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Re: Continuous Timer

P: n/a
En Fri, 30 May 2008 22:50:13 -0300, Robert Dailey <rc******@gmail.com>
escribió:
Reading through the Python 2.5 docs, I'm seeing a Timer class in the
threading module, however I cannot find a timer object that will
continuously call a function of my choice every XXXX amount of
milliseconds.
For example, every 1000 milliseconds I want a function named Foo to be
called. This would continue to happen until I terminate the timer in my
main
thread. Thanks for the help.
Use an Event object; its wait() will provide the sleep time, and when it
is set() the thread knows it has to exit.

import threading
import time

def repeat(event, every, action):
while True:
event.wait(every)
if event.isSet():
break
action()

def foo():
print "I'm bored to death..."

print "creating event and thread"
ev = threading.Event()
t1 = threading.Thread(target=repeat, args=(ev, 1.0, foo))
print "starting thread"
t1.start()
print "waiting for 10 seconds in main thread"
time.sleep(10)
print "setting event"
ev.set()
print "waiting for thread to finish"
t1.join()
print "quit"

--
Gabriel Genellina

Jun 27 '08 #1
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P: n/a
Gabriel Genellina wrote:
En Fri, 30 May 2008 22:50:13 -0300, Robert Dailey <rc******@gmail.com>
escribió:
>Reading through the Python 2.5 docs, I'm seeing a Timer class in the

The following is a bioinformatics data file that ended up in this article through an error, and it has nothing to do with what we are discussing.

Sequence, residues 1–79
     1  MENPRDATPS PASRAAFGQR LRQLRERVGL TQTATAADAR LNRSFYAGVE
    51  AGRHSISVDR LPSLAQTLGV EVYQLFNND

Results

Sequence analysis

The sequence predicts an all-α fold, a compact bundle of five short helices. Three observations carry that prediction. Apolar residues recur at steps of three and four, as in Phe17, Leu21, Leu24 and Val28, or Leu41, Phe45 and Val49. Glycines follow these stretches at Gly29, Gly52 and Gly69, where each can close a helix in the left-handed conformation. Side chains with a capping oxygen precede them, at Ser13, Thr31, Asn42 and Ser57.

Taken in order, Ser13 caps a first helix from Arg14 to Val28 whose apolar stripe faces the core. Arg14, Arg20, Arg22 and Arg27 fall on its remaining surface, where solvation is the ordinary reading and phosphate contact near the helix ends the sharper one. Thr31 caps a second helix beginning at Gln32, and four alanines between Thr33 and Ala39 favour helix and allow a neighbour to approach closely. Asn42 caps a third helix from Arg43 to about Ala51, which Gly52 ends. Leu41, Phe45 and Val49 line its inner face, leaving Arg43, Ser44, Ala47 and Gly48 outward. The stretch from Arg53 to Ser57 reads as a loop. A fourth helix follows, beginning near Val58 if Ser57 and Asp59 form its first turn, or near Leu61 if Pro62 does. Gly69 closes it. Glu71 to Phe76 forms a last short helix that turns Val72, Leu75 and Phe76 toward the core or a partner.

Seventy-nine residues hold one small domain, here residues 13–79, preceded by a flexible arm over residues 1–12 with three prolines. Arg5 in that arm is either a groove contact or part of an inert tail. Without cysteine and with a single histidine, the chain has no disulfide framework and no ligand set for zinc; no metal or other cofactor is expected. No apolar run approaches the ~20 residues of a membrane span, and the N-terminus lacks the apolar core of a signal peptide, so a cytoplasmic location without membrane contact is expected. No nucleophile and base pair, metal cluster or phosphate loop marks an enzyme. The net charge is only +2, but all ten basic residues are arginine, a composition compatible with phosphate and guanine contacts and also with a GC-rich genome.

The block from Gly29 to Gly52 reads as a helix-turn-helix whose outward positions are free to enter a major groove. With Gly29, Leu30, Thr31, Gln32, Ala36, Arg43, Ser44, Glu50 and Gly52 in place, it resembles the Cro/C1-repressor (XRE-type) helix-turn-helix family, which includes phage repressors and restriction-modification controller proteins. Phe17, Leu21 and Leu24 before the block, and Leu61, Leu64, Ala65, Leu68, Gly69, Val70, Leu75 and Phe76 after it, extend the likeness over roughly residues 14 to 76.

threading module, however I cannot find a timer object that will
continuously call a function of my choice every XXXX amount of
milliseconds.
For example, every 1000 milliseconds I want a function named Foo to be
called. This would continue to happen until I terminate the timer in
my main
thread. Thanks for the help.

Use an Event object; its wait() will provide the sleep time, and when it
is set() the thread knows it has to exit.

import threading
import time

def repeat(event, every, action):
while True:
event.wait(every)
if event.isSet():
break
action()
Actually, to do this right, it's necessary to account for the time used by
"action". The code above will run no sooner than the time "every" after
the COMPLETION of action.

I've done this sort of thing under QNX, the real-time operating system,
which has better timing primitives, and seen the action executed within
a few microseconds of the correct time, every time. But that was in C++.

If you're trying to do hard real time in Python on Linux or Windows,
don't expect reliable timing. Remember, Python isn't really preemptive,
because of the global interpreter lock and the lack of thread priorities.

John Nagle
Jun 27 '08 #2

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